An Imaginary Tale: The Story of √1Today complex numbers have such widespread practical usefrom electrical engineering to aeronauticsthat few people would expect the story behind their derivation to be filled with adventure and enigma. In An Imaginary Tale, Paul Nahin tells the 2000yearold history of one of mathematics' most elusive numbers, the square root of minus one, also known as i. He recreates the baffling mathematical problems that conjured it up, and the colorful characters who tried to solve them. In 1878, when two brothers stole a mathematical papyrus from the ancient Egyptian burial site in the Valley of Kings, they led scholars to the earliest known occurrence of the square root of a negative number. The papyrus offered a specific numerical example of how to calculate the volume of a truncated square pyramid, which implied the need for i. In the first century, the mathematicianengineer Heron of Alexandria encountered I in a separate project, but fudged the arithmetic; medieval mathematicians stumbled upon the concept while grappling with the meaning of negative numbers, but dismissed their square roots as nonsense. By the time of Descartes, a theoretical use for these elusive square rootsnow called "imaginary numbers"was suspected, but efforts to solve them led to intense, bitter debates. The notorious i finally won acceptance and was put to use in complex analysis and theoretical physics in Napoleonic times. Addressing readers with both a general and scholarly interest in mathematics, Nahin weaves into this narrative entertaining historical facts and mathematical discussions, including the application of complex numbers and functions to important problems, such as Kepler's laws of planetary motion and ac electrical circuits. This book can be read as an engaging history, almost a biography, of one of the most evasive and pervasive "numbers" in all of mathematics.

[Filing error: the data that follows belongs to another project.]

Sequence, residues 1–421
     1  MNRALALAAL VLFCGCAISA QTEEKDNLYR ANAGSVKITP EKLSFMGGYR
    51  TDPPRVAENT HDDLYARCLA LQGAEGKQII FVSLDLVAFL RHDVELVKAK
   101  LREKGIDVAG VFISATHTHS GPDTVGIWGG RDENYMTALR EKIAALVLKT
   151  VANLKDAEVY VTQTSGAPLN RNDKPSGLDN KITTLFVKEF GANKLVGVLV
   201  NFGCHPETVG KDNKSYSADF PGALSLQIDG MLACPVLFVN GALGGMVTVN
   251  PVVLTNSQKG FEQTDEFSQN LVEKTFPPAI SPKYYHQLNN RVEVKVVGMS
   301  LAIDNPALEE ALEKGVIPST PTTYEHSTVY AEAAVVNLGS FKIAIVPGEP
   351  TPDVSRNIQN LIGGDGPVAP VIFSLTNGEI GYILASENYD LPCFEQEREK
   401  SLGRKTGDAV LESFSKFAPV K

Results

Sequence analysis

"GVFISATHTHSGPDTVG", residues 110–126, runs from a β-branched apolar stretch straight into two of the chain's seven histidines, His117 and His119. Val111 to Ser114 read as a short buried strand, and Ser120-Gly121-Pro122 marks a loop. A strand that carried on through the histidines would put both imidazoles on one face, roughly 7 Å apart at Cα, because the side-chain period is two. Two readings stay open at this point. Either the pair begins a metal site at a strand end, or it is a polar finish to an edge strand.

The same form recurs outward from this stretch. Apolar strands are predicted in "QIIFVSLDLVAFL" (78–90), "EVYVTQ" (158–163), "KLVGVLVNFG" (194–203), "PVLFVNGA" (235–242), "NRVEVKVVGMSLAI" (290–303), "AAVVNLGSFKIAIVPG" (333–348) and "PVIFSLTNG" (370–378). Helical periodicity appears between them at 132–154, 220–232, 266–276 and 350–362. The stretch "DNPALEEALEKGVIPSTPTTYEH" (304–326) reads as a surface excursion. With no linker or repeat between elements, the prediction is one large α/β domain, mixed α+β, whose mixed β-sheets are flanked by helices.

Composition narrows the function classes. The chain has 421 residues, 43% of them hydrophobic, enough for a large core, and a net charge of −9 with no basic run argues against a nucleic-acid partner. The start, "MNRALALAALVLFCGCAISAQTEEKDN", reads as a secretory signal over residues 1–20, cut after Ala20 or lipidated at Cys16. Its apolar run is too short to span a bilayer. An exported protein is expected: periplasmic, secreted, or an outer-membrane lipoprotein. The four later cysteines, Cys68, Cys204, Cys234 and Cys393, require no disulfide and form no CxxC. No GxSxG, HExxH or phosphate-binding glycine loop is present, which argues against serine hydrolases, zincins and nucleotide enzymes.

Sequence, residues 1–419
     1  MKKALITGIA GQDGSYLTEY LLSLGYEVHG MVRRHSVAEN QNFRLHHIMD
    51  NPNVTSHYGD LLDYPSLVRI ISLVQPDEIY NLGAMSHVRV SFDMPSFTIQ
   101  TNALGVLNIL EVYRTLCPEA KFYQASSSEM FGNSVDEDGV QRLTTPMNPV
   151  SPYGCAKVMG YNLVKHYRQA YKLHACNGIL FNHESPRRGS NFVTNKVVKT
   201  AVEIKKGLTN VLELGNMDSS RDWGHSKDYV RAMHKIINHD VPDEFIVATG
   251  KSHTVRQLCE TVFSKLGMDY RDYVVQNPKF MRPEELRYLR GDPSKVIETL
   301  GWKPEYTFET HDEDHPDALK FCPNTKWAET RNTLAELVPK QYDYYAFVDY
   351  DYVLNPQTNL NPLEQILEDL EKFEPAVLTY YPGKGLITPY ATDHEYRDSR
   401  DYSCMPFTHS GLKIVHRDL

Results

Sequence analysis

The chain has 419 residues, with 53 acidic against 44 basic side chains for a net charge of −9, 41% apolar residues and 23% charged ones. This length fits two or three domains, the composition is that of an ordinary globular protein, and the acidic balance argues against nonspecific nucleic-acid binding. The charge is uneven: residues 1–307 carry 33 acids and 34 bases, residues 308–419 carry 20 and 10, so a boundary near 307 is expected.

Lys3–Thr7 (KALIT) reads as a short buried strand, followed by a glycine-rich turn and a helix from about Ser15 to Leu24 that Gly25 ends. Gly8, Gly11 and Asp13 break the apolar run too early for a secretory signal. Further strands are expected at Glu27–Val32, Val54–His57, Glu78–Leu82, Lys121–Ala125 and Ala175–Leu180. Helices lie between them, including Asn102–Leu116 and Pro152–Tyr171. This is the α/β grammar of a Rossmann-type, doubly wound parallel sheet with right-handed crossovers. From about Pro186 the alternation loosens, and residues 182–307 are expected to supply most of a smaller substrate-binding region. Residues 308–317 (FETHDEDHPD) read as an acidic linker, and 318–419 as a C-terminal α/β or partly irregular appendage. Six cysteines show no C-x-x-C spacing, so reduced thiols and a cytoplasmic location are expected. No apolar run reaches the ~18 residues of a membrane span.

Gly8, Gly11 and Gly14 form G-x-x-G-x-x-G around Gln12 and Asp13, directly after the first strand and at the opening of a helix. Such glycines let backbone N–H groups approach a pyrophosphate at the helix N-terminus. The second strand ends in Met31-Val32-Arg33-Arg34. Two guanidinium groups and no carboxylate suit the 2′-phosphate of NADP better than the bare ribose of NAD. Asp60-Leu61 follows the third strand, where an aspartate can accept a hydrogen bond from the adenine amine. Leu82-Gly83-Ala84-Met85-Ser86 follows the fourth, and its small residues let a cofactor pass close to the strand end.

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User Review  aethercowboy  LibraryThingOn occasion, I find myself in the math/science section of the bookstore. Having a very thorough background in mathematics, I find it interesting to read books written by notable professionals in their ... Read full review
This book was a lot of fun to read and is quite well written. By the end I really felt a lot more comfortable with the concept and use of imaginary numbers. The history is fascinating, of course dominated by Euler and Gauss but many other names that are known from different math classes. There is a lot of detailed algebra which requires being halfawake to follow.
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An Imaginary Tale: The Story of [the Square Root of Minus One] Paul J. Nahin No preview available  2006